Gamma Technologies Inc.

Westmont, United States

Gamma Technologies Inc.

Westmont, United States
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Ghadirian E.,Gamma Technologies Inc. | Abbasian J.,Illinois Institute of Technology | Arastoopour H.,Illinois Institute of Technology
Powder Technology | Year: 2017

Carbon dioxide is the primary greenhouse gas emitted through human activities; therefore, efficient reduction of CO2 is regarded as one of the key environmental challenges of the current century. Different processes have been introduced in the literature for CO2 capture; among these, solid sorbent processes have shown potential advantages such as easy regeneration and high capacity. In order to achieve steady CO2 capture using solid sorbents, a circulating fluidized bed (CFB) is used that consists mainly of a carbonator reactor (where the CO2 is adsorbed by solid sorbents) and a regenerator (where carbonated sorbents release CO2 and a concentrated CO2-steam mixture is produced). Different solid sorbents have been developed to be utilized in carbon capture units such as MgO-based sorbents and CaO-based sorbents. In this study, an MgO-based solid sorbent was used due to its capability to capture CO2 at high temperature (300–550 °C), which is in the vicinity of the operating conditions of advanced power plants (e.g., integrated gasification combined cycles [IGCC]). The use of MgO-based sorbents results in a lower energy penalty in the carbonation/regeneration cycle of MgO-based sorbents. In this study, three-dimensional computational fluid dynamics (CFD) simulations of the regeneration unit of the carbon capture process using MgO-based solid sorbents were investigated and the performance of the fluidized bed regenerator unit (operating at different conditions) was studied. © 2017 Elsevier B.V.

Seldon W.,General Motors | Hamilton J.,General Motors | Cromas J.,Gamma Technologies Inc. | Schimmel D.,Gamma Technologies Inc.
SAE Technical Papers | Year: 2017

As regulations become increasingly stringent and customer expectations of vehicle refinement increase, the accurate control and prediction of induction system airborne acoustics are a critical factor in creating a vehicle that wins in the marketplace. The goal of this project was to improve the predicative accuracy of a 1-D GT-power engine and induction model and to update internal best practices for modeling. The paper will explore the details of an induction focused correlation project that was performed on a spark ignition turbocharged inline four-cylinder engine. This paper and SAE paper "Experimental GT-POWER Correlation Techniques and Best Practices" share similar abstracts and introductions; however, they were split for readability and to keep the focus on a single a single subsystem. This paper compares 1D GT-Power engine air induction system (AIS) sound predictions with chassis dyno experimental measurements during a fixed gear, full-load speed sweep. The engine is a turbocharged, spark ignition I4. The air induction system includes an air box, centrifugal compressor, and charge air cooler. Engine performance predictions were first compared with measurements, in terms of brake torque and intake manifold temperature, to confirm that the model is capturing reduced performance during elevated air temperature in the intake manifold. Then, the GEM3D models of the air box and charge air cooler are discussed, along with the compressor acoustic model. The transmission loss of the air box is compared with experimental data. The predicted sound at the 2nd and 4th engine orders is compared with measurements, which shows reasonable agreement. The primary takeaway from the project is the importance of correctly modeling the geometry in detail and matching the exact operating conditions between test and CAE. Copyright © 2017 SAE International.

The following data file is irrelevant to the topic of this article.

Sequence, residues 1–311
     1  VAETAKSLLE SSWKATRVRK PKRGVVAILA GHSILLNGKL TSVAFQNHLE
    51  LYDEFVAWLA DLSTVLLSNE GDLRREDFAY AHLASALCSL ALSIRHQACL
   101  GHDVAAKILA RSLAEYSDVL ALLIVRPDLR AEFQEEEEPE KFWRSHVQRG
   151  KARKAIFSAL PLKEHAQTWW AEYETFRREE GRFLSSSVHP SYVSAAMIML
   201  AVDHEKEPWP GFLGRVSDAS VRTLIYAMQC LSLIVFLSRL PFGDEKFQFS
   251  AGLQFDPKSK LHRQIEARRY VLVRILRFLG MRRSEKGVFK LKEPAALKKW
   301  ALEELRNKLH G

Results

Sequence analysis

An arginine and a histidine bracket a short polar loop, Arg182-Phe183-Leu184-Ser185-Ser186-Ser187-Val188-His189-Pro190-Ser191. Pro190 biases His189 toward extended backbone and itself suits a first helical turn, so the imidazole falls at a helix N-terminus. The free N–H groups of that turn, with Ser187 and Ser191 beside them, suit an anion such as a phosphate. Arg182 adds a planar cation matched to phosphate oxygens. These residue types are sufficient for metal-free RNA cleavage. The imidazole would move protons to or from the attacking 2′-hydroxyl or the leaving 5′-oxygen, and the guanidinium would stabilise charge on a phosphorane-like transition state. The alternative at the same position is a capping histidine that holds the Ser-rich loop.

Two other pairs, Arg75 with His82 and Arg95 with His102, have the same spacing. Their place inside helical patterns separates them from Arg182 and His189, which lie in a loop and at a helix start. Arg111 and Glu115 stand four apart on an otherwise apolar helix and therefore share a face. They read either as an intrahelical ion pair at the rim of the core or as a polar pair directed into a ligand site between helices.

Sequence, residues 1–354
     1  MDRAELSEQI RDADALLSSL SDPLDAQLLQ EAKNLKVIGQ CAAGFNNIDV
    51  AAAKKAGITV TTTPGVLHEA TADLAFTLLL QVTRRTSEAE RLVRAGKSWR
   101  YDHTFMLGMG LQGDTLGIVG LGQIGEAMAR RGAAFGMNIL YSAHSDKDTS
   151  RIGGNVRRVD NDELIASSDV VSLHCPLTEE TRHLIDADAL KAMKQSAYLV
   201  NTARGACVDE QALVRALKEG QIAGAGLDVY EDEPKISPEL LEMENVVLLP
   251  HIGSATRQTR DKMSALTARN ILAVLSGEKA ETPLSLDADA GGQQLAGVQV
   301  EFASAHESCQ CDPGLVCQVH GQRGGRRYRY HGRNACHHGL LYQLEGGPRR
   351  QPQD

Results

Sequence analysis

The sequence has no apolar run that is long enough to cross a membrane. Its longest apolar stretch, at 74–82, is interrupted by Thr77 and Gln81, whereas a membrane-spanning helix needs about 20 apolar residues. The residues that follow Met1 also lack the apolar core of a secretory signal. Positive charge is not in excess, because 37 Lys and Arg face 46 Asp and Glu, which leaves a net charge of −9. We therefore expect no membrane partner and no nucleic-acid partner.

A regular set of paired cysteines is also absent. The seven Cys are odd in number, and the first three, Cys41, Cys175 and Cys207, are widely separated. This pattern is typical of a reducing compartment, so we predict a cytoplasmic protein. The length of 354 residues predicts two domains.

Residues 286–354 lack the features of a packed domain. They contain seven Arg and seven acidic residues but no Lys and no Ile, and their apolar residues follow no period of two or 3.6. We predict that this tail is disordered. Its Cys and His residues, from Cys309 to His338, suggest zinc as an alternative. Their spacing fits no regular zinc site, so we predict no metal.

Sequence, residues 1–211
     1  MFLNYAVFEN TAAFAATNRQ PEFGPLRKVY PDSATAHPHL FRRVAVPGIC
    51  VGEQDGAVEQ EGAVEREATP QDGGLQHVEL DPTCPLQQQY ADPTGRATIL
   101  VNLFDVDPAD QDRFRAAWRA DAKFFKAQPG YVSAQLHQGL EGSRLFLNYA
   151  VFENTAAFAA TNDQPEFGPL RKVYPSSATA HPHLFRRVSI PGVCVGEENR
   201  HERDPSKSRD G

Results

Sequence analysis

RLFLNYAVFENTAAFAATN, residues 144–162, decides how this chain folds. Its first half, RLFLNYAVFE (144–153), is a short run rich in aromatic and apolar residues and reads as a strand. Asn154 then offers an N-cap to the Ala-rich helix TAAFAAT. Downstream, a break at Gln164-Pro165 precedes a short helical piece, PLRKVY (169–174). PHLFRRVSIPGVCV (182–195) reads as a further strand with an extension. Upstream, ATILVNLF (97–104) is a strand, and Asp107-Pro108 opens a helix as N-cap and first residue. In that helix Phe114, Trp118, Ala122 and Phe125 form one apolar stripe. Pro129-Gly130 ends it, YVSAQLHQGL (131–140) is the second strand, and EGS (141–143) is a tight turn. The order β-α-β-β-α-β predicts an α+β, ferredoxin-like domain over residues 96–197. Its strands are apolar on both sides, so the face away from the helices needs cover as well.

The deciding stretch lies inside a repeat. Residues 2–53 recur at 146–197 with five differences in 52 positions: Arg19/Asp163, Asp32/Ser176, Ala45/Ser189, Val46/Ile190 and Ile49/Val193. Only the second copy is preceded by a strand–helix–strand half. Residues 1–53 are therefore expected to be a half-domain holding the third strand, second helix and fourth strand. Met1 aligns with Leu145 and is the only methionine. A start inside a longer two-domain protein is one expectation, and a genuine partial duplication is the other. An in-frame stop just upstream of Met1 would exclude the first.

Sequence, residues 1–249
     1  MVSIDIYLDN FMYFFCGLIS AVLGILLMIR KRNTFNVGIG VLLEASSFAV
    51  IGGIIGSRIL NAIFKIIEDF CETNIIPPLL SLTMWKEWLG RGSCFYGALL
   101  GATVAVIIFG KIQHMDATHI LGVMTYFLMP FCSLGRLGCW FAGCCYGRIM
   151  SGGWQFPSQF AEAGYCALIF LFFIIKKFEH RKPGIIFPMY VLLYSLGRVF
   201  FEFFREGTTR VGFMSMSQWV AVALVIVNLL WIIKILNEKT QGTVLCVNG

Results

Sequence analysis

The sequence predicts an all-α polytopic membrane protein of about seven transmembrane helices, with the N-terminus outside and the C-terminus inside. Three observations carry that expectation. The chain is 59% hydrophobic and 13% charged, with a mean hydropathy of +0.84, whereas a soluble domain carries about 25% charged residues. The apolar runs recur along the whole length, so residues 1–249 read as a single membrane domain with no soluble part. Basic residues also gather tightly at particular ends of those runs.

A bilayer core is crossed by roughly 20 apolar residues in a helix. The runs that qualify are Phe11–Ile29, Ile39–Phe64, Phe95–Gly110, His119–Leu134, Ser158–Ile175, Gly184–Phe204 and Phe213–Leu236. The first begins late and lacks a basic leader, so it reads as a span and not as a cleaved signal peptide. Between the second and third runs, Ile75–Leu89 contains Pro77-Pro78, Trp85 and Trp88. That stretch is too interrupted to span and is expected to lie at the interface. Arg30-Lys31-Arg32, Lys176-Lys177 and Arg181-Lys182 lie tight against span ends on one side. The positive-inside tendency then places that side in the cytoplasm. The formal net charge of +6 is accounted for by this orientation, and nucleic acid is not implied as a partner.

Seldon W.,General Motors | Shoeb A.,General Motors | Schimmel D.,Gamma Technologies Inc. | Cromas J.,Gamma Technologies Inc.
SAE Technical Papers | Year: 2017